Yesterday I earned bonus points towards my Cookbook Challenge. I have a list of all my cookbooks- 66 of them to be exact, but there is a small group of cookbooks not on the list. See, the point of my cookbook challenge is to actually cull out my collection. There are more books that I want, but with 66 of them in active status, I have a hard time justifying more. So as I go through them, I decide whether each one is a keeper, or if it's just taking up space. But there is that one small group of cookbooks that will not be removed, regardless of what they contain. This is a handful of church cookbooks and old cookbooks that we have received from Grandparents collections. I confess that I'm not sure which ones came from where, but I do know that some are from Andy's Grandma, and some are from both of my Grandmothers. And since all of those wonderful ladies are no longer with us, the cookbook collection is here to stay.
The bonus points I speak of, are the points I garner from actually using one of these relics. And relics most of them are. Flipping through one of these books is like going through a time warp, it's like looking at history. Yesterday's cookbook was one of two I have that are from Woman's Day magazine. I have two of these- the most current one being published in 1970. I sat down and flipped through, really just looking, when a recipe did catch my eye, and I just had to make it. I was looking at bread and pastry recipes when a simple Cinnamon Loaf revealed that I had all the necessary ingredients on hand. This was a very easy bread to put together, and it wasn't long before the aroma of baking cinnamon and dough filled the house. I waited as long as I possibly could before slicing into the loaf, and we were not disappointed.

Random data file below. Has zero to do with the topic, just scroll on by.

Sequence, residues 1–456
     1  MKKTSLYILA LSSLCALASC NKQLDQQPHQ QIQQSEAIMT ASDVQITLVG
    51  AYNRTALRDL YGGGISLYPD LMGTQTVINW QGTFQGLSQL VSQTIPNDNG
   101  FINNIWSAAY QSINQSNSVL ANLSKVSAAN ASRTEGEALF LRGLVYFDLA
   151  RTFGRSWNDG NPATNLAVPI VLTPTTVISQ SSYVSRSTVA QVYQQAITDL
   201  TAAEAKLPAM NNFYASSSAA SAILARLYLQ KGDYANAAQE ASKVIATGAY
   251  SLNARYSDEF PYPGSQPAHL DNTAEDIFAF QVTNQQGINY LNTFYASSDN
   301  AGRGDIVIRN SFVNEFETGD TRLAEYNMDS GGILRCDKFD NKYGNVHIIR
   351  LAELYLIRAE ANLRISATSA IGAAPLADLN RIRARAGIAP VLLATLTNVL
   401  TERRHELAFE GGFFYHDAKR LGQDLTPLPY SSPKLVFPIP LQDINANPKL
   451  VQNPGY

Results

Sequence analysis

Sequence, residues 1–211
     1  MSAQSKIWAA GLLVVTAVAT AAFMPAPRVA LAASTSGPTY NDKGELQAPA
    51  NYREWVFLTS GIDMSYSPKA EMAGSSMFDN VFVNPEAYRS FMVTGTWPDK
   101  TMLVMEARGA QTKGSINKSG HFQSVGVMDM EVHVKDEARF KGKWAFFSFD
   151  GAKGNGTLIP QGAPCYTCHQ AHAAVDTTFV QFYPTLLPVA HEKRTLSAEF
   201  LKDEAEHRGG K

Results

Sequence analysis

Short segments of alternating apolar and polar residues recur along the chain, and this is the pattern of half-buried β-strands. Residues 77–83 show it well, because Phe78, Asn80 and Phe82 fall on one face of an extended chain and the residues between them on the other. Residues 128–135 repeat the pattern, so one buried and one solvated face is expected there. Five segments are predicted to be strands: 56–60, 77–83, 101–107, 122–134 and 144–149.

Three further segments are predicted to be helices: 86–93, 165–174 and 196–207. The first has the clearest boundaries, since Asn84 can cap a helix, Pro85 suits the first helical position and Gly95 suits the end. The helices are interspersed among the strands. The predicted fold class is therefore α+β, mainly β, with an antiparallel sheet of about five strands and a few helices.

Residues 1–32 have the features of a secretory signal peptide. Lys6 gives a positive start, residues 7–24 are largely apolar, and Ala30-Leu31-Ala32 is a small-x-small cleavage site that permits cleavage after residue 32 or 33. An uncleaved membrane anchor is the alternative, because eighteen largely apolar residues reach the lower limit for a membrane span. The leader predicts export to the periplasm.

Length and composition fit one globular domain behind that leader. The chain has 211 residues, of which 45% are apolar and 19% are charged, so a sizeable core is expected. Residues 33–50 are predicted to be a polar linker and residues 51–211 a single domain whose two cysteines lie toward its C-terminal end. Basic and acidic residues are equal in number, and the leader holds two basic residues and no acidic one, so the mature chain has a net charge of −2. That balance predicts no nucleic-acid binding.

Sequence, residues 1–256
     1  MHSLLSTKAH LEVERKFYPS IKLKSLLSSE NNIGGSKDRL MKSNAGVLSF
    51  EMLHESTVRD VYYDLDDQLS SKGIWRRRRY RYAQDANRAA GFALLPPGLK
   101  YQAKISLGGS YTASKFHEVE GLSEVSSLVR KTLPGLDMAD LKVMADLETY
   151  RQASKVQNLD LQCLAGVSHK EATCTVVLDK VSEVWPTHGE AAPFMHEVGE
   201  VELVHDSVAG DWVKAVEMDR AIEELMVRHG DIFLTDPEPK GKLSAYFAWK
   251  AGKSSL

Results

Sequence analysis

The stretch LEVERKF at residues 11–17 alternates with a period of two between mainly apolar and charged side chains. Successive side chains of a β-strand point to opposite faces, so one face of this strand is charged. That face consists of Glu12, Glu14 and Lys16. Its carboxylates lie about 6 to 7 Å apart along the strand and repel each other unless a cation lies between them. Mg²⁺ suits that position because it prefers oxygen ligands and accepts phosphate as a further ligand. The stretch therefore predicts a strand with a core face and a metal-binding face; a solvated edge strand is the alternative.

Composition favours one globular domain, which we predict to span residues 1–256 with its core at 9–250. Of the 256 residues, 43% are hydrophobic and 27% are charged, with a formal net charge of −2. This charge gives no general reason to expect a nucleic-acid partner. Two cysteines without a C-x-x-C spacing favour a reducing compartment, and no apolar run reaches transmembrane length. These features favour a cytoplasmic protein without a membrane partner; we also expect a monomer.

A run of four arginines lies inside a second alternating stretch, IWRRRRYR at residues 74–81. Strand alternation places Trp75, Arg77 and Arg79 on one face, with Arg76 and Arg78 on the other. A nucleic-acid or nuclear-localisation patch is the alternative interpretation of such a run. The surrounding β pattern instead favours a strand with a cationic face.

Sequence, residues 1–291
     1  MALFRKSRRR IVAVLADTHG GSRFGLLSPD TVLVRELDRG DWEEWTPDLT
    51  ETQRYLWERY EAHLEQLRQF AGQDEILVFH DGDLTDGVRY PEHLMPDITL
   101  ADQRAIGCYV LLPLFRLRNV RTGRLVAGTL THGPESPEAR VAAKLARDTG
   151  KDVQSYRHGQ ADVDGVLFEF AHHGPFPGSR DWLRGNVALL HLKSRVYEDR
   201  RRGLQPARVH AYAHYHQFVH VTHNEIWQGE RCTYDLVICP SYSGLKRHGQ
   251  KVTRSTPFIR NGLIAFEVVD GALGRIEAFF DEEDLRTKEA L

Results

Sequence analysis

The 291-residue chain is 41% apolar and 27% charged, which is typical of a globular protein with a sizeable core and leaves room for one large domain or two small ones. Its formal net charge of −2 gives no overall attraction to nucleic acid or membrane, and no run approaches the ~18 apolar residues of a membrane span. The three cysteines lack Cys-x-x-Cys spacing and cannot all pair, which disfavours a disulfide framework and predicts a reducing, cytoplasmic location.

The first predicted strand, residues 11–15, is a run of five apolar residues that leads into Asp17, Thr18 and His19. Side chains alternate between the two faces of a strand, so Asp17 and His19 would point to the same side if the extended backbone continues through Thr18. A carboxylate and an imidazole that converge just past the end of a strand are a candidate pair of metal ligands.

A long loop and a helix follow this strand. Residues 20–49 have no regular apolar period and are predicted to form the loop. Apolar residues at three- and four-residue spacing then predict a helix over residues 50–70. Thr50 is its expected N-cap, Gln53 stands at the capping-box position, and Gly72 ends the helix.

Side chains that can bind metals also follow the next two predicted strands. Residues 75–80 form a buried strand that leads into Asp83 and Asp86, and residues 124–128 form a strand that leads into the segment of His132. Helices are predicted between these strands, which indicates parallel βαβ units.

In a word, it was excellent. The bread was rich and buttery and full of cinnamon flavor and aroma. It was also pretty to look at. Slicing further in revealed that I didn't roll up the dough quite as tight as I should have, and it probably could have used another five minutes in the oven, but overall... I had a hard time putting the knife down and backing away from the bread. One of the things I like about bread recipes from the past is that this was from a time before bread flour. So the tenderness in bread was achieved in other ways, specifically in this case, from the addition of eggs to the dough. This dough also wasn't kneaded, which may sound odd, but for this loaf of swirl bread, it was perfect. I have loaded the recipe into the Recipe Trove exactly as it was written in the cookbook. I think the recipe directions add to the nostalgic feel of the recipe and should be part of the experience. So check out the recipe for Cinnamon Loaf, you will love it.